Whether to vaccinate your child or not has become a topic of discussion among parents and medical professionals around the U.S. due to the measles outbreak in Washington State. According to the Washington State Department of Health, as of March, there were 71 cases reported.
With other states, including New York, that have children being treated for measles, there has been an increased awareness regarding immunization practices.
Since the beginning of 2019, the Centers for Disease Control and Prevention (CDC) has confirmed 206 cases of measles in 11 states (Ohio is not included).
According to the CDC, all children should be vaccinated to protect them from 14 diseases by age 2.
The CDC states that vaccines can prevent diseases that once killed or harmed many infants, children and adults. “Children may be at risk for getting seriously ill and suffering pain, disability, and even death from diseases like measles and whooping cough,” states the CDC on its website.
Akron Children’s Hospital Pediatrician Amanda Gogol-Tagliaferro follows the recommendations from the CDC in her practice. The recommendations are backed by the Food and Drug Administration (FDA) and American Academy of Pediatrics (AAP). “We don’t see diseases like we used to because we have immunizations against them,” Gogol-Tagliaferro says. “That doesn’t mean they won’t occur living in a global society. Kids from other countries where those diseases are still prevalent could cause a disease risk.”
According to CDC.gov, diseases that are preventable by vaccines, such as whooping cough and chickenpox, remain common in the United States. “On the other hand, other diseases are no longer common in this country because of vaccines,” the website states. “However, if we stopped vaccinating, even the few cases we have in the United States could very quickly become tens or hundreds of thousands of cases.”
Gogol-Tagliaferro, a mother of three children, all under the age of 4, says she prefers an open discussion and encourages her patients to bring in any information they have questions about so that she can address the issues.
Gogol-Tagliaferro recently brought her two-month-old into her office so he could receive his first round of vaccinations.
The 2019 recommendations for childhood and adolescent immunization schedules were approved by AAP. The policy statement, which was published in the March 2019 issue of Pediatrics, was updated to “ensure consistency between the formation of the childhood and adolescent and adult immunization schedules,” according to the article.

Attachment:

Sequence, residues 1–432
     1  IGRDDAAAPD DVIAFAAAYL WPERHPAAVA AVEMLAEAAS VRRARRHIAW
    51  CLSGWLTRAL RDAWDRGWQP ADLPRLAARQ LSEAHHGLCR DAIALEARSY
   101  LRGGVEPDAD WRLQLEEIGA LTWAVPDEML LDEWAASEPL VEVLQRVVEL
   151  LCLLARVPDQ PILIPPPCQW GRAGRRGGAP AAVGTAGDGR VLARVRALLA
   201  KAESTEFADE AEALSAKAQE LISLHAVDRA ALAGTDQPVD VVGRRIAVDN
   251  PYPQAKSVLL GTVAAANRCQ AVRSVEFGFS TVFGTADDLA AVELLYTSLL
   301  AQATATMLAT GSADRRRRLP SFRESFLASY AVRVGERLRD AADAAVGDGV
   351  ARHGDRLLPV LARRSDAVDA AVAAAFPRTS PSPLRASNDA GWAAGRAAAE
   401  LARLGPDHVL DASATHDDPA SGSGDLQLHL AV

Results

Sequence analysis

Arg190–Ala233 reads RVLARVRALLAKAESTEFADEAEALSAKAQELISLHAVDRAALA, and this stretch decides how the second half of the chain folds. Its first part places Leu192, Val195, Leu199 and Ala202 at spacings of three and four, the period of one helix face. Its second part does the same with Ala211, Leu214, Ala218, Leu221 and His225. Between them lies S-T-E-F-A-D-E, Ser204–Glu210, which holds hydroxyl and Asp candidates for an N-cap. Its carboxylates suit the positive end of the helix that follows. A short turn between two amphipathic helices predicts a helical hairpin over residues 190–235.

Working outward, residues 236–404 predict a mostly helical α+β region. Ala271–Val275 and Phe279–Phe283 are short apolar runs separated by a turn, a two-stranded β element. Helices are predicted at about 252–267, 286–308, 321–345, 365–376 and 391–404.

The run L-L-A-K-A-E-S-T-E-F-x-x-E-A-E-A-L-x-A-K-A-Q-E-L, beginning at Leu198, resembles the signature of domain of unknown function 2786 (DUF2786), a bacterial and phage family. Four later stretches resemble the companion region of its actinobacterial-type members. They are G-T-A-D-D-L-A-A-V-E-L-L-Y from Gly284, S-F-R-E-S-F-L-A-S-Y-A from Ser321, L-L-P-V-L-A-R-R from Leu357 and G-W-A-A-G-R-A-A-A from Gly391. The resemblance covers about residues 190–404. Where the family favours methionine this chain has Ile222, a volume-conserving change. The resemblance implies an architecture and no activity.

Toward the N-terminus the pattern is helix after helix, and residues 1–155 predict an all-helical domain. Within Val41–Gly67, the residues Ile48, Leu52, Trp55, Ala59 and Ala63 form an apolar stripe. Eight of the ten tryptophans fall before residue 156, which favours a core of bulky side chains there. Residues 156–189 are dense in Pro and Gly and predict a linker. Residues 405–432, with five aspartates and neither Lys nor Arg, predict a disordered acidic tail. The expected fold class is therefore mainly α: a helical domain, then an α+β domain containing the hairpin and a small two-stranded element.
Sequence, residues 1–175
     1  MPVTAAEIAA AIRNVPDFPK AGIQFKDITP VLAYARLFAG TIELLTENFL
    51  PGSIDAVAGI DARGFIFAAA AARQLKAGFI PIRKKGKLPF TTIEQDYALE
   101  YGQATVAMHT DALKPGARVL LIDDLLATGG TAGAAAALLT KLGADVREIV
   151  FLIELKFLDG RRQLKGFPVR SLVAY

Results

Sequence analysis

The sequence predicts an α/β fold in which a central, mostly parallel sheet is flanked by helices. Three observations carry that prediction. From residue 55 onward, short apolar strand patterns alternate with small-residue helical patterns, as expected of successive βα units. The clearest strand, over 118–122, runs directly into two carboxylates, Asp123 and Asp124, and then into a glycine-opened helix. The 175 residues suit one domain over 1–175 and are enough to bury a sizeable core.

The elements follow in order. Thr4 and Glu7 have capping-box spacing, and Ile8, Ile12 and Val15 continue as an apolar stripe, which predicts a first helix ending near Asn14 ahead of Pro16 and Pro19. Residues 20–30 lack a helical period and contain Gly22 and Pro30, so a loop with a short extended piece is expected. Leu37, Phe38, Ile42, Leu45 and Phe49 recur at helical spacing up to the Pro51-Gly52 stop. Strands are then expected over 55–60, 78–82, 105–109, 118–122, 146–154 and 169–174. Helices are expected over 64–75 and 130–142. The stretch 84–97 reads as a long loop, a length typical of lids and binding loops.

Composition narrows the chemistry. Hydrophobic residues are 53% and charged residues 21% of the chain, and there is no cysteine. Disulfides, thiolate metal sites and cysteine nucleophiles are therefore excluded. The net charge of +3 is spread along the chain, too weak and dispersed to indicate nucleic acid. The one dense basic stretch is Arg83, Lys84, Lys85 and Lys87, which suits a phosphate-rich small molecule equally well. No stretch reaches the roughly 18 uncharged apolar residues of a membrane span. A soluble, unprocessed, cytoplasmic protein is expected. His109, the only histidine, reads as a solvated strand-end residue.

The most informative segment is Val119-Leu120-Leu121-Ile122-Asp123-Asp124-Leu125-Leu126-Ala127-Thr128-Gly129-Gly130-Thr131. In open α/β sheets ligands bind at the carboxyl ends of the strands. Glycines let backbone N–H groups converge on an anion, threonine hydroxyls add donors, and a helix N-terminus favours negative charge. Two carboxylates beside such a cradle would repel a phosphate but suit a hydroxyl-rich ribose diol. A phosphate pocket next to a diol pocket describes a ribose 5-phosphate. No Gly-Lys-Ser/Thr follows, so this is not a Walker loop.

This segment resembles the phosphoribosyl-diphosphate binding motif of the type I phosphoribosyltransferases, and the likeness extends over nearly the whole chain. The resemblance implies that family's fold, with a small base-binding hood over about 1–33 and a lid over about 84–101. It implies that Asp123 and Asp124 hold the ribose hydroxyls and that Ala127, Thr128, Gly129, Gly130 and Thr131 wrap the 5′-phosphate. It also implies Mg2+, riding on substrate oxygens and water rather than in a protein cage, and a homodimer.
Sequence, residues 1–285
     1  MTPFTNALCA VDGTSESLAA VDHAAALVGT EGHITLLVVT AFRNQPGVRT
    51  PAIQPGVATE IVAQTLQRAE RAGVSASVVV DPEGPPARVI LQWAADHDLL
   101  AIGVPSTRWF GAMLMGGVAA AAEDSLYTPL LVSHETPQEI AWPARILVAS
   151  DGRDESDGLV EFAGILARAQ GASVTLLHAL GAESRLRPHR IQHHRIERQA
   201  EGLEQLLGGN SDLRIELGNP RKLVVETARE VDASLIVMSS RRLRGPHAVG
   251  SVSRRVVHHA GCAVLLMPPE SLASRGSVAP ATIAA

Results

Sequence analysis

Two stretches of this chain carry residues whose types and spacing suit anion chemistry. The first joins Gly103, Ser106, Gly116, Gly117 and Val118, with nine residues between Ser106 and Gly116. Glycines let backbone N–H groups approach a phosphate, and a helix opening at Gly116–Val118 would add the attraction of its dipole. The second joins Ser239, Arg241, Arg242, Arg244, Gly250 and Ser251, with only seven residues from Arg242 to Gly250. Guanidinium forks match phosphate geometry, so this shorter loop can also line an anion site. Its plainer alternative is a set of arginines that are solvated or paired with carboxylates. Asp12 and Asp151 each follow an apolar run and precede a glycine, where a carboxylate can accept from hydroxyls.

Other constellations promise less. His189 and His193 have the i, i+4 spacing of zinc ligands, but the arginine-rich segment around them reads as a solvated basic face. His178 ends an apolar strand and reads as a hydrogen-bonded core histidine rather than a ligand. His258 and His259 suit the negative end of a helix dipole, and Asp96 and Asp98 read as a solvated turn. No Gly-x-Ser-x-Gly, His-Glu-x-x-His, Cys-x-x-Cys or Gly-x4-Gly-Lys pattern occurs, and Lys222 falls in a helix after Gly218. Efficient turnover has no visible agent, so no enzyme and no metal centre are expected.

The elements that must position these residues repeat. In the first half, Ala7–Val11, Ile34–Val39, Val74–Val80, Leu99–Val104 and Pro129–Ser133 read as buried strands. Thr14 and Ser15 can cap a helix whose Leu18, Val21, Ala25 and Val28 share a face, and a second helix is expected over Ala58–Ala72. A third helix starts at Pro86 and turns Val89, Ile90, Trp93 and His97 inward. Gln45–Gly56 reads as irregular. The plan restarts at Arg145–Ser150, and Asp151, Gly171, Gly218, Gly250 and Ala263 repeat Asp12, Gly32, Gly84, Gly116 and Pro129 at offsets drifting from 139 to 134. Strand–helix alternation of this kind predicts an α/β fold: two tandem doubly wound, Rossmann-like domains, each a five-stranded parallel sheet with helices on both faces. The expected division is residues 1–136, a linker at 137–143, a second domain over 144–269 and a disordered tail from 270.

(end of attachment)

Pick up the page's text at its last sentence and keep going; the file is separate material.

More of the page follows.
The 2019 recommendations include 14 vaccinations for infants and children (birth through age 6). The vaccinations are as follows: varicella (chickenpox), DTaP (combines protection against diphtheria, tetanus and pertussis), Hib, hepatitis A, hepatitis B, influenza, MMR (measles, mumps and rubella), polio, pneumococcal and rotavirus.
Akron Children’s Hospital Director of Pediatric Infectious Diseases Dr. Blaise Congeni says, “Since vaccines for Haemophilus were introduced (for example), the number of cases (of Haemophilus diseases) including meningitis once totaled 20,000 per year and now that number is down to 0. A substantial percentage of those patients so infected were either left with substantial harm or death.”
According to CDC.gov, the United States began using the Hib vaccine for children in 1987 and for infants in 1990. Since then, “the annual incidence of invasive Hib disease in children aged younger than 5 years old decreased by 99 percent.”
“Vaccines are safe,” Gogol-Tagliaferro says. “Studies by the AAP and CDC have proven this. There is a lot that goes into making a vaccine safe before it’s put out there. We don’t see these diseases any more because the vaccines work.”
Ohio Advocates for Medical Freedom (OAMF) believes you have a choice to vaccinate or not vaccinate your child.
Northeast Ohio native Stephanie Stock, a founding member of OAMF and the organization’s current president, has an issue with the CDC studies, which she believes are incomplete.
Stock claims she fields phone calls and emails from parents across Ohio who allege they’ve been denied patient care because their children are not immunized.
“OAMF is aware of countless cases of Ohio patients being turned away from their pediatricians for questioning vaccine safety or choosing not to vaccinate,” says Stock, who is a physical therapy assistant. “We frequently see cases of physicians dismissing patients for not complying with vaccination recommendations.”
One example is Alexandra Jones, who posted a letter she received from her physicians on Stock’s personal Facebook page and also provided the document to Northeast Ohio Parent magazine. It stated, “You have decided not to immunize for your child. We will therefore be unable to continue providing medical care for your family. We will see them for emergency care only for the next 30 days. This will allow you time to find another source of medical care.”